Fourteen years ago, I began my journey mentoring people through major life transitions when I trained as a Birthing From Within doula.

At the time, I was in the midst of my own personal upheaval. In the previous years, my partner had been deported to Mexico, I moved from New Haven to Phoenix, discovered I was pregnant, left my work with the hotel workers’ union, moved to Oaxaca, Mexico at seven months pregnant, and gave birth to my son.

During my Birthing From Within training, I received a gift that helped me make sense of where I’d been, stay oriented through massive change over the next several years, and support my clients—first as a doula and later as a coach—to rise to the challenges they face.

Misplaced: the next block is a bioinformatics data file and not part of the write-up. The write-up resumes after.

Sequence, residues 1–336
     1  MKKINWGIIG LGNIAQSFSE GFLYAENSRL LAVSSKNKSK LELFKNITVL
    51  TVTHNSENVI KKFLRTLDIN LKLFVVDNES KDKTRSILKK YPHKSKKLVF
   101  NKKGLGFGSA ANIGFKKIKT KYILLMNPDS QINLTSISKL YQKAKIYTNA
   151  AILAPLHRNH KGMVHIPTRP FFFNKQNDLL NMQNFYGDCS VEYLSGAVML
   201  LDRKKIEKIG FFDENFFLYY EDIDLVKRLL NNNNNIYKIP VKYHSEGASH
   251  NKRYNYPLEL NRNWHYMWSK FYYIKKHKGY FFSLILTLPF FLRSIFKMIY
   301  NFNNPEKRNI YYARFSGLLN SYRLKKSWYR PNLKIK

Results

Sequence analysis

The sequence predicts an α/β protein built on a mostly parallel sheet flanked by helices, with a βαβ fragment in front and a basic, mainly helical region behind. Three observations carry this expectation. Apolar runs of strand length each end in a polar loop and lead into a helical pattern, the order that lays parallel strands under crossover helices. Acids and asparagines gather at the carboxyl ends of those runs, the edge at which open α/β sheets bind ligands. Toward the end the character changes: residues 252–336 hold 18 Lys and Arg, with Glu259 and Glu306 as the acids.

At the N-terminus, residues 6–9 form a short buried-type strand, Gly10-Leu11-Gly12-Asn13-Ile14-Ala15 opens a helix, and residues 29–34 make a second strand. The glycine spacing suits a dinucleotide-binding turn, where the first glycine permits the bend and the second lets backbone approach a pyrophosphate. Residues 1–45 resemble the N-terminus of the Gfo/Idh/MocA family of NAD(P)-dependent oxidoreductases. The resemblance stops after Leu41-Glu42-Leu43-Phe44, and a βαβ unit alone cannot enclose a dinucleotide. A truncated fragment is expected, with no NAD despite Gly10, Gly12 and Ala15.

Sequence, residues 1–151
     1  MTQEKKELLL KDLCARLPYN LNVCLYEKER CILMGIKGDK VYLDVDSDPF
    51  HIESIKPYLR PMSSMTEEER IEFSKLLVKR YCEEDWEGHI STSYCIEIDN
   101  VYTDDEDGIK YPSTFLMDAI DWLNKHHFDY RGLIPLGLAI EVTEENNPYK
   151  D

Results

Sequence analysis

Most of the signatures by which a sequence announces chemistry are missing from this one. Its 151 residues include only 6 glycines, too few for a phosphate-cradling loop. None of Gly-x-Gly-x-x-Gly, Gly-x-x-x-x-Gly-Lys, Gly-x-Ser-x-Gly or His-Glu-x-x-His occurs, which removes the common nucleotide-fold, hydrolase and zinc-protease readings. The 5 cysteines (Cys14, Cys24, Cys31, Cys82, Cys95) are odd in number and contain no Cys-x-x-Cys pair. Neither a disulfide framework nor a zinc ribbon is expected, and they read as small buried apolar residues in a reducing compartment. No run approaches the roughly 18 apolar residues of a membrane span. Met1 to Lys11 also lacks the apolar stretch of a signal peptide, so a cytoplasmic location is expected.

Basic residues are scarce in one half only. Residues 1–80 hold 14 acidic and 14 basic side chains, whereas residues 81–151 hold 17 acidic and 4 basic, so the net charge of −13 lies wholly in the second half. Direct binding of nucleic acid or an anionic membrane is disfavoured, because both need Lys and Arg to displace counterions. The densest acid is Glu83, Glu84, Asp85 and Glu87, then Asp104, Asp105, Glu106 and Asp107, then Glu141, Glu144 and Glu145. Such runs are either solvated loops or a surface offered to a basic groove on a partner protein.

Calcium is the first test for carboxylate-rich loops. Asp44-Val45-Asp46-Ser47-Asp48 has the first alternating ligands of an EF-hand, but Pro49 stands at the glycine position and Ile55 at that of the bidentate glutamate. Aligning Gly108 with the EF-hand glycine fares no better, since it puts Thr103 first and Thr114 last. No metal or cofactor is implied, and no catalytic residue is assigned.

The gift is the metaphor of the gate.

In this love letter, I want to share with you this metaphor, and in the love letter next week, I’ll share with you a practice for helping you soothe the doubt and fear that inevitably arise when you’re standing at a gate.

Each choice is a gate.

So, what is a gate exactly?

A gate is a moment of decision or completion where we let go of something in order to say yes to what’s calling us next.

So, what is a gate exactly?

A gate is a moment of decision or completion where we let go of something in order to say yes to what’s calling us next.

Other words for gates are thresholds, portals, precipices, or moments of truth.

Big gates are significant life transitions like leaving a job, ending a relationship, starting an organization, ending a project, having a baby, moving home, going to school, undergoing a health procedure, launching a campaign, or accepting a leadership position.